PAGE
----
My Sister’s “Embarrassing” Question
When I decided to train as a money coach my sister asked what would have been an embarrassing question – except that she’s my sister and we’re best friends. (Instead we just cracked up, as we often do!)
But you may have the same question: “Amy, why on earth would you want to be a money coach? It’s such a boring subject!”
Well, there was a time I would have heartily agreed with you.
In fact, there was a time I did everything in my power to avoid dealing with money.
I was a scientist and I wanted to cure cancer.
I was an activist and I wanted world peace.
Money didn’t enter into my idealistic dreaming. I believed it would all work out because I was smart and resourceful — somehow I’d have enough to live the life I envisioned for myself, and make a difference in the world.
So I avoided money and focused on my education and career, got married, worked hard, and enjoyed my life.
Then everything changed. My mother died. My husband and I divorced. I left the career I’d spent the last 15 years building, and I was wracked with pain and grief.
I had no job, no health insurance, no retirement plan, and I was on my own. I realized that money was at the very core of my ability to live a life of my own choosing – as opposed to one at the mercy of the winds of change.
I realized it’s not possible to avoid money. Money touches everything.
And I realized it’s not responsible to avoid money. At the end of the day, I’m responsible for my own financial security.
I set out to take better care of my own finances and to learn more about the strange world of money.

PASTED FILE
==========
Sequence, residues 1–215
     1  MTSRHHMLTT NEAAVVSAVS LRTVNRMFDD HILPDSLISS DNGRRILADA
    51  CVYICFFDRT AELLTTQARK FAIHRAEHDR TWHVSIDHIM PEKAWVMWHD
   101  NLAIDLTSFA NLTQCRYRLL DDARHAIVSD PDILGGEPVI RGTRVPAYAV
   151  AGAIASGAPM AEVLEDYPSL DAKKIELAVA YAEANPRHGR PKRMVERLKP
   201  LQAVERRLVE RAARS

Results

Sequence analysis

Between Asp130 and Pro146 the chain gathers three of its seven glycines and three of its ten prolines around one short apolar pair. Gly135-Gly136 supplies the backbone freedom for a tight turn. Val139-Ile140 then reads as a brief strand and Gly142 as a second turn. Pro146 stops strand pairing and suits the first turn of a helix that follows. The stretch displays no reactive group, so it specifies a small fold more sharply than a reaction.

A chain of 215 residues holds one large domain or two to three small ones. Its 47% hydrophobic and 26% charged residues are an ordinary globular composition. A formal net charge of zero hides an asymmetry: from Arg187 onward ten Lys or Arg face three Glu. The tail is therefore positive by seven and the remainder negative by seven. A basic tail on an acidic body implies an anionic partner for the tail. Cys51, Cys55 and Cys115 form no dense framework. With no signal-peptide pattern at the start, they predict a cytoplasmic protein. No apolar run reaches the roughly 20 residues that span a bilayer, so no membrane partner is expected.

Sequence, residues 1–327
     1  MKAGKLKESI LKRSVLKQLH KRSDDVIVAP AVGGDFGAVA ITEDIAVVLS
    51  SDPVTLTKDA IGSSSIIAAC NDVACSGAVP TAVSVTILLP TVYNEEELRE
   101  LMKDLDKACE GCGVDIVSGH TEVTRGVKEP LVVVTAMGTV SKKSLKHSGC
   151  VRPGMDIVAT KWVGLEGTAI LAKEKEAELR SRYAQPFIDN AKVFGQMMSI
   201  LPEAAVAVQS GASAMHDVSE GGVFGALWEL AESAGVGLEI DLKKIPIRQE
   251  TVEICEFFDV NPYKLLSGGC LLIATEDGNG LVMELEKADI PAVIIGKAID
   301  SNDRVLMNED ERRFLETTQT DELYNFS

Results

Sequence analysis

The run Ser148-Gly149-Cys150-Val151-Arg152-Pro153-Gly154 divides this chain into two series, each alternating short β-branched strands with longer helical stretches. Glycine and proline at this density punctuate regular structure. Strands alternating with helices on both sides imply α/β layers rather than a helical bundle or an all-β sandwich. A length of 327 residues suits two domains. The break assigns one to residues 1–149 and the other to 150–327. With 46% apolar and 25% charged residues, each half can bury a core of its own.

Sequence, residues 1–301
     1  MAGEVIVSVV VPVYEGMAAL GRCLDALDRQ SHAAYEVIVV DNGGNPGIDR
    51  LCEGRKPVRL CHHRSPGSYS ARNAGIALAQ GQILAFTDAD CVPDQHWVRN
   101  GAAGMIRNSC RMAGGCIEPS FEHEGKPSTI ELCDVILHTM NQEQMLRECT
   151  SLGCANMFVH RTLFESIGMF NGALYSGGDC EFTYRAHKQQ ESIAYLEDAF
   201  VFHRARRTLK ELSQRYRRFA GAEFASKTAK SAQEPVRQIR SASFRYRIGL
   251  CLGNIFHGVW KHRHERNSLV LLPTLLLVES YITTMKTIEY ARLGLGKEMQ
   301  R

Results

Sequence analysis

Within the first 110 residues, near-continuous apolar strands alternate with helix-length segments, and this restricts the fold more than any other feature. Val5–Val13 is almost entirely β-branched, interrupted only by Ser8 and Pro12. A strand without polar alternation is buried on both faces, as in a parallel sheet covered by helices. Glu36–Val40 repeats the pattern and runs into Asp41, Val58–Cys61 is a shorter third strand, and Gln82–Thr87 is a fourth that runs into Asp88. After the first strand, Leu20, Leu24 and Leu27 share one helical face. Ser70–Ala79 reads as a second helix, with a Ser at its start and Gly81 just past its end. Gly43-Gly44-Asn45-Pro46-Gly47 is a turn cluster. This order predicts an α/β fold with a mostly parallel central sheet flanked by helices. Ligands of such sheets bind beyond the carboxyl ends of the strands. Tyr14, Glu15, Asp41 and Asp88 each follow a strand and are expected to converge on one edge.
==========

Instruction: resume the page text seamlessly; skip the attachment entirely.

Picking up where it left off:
I slowly got back on my feet, went back to school and trained for a new career. When I began working as a counselor and therapist I saw that other women were struggling with money in a big way. But the subject seemed to be taboo. I noticed that clients found it easier to talk openly about their sex lives than to talk about their finances!
But I wanted to incorporate what I’d learned about money into my psychology practice so I could help other women improve their money situations as well. So I did.
That was in 2008.
Since then I’ve been studying all the money gurus and learning every which way to have a good relationship with money.
But there seemed to be an essential piece missing. I kept asking, why is it so hard to get the money thing right?
I decided to stop listening to the gurus and start paying attention to what my clients, newsletter readers, and friends said.
And here’s what I keep hearing over and over again:
- You don’t want to use a complicated software program to take care of your money
- You want and need support figuring out what to do about your money, and how to do it.
- You often get really anxious when you look at your money situation.
- You don’t want to spend your time tracking every penny of your money.
- There just doesn’t seem to be enough of it! (Money, that is!)
So I’ve been testing and honing a system that breaks your money down to the simplest possible categories and makes it easy to keep track of it without having to count every penny.
And I’ve also been finding the best possible ways to manage the strong emotions that come up around money, especially that big issue for women – not having enough!
If you’re dedicated to getting rid of crippling anxiety about your money and creating a solid foundation for your personal finances . . . then I invite you to join me and a small group of other committed women in the “More than Money Experience.”CLAIM YOUR EARLY BIRD SPOT NOW
Briefly, the More than Money Experience is a small group training program designed to give you personalized support to create your own rock-solid financial foundation. You can click the button above to find out all the details.
As many of you know, I’m dedicated to helping women become competent and confident about money, starting with our personal finances. From there, my dream is that we’ll be in a better position to contribute to the necessary changes that must happen in the global marketplace in order to create a more just, humane, and sustainable economy for us all.
But let’s start with each one of us, talking about money and helping one another. I’d be honored to guide you on that journey.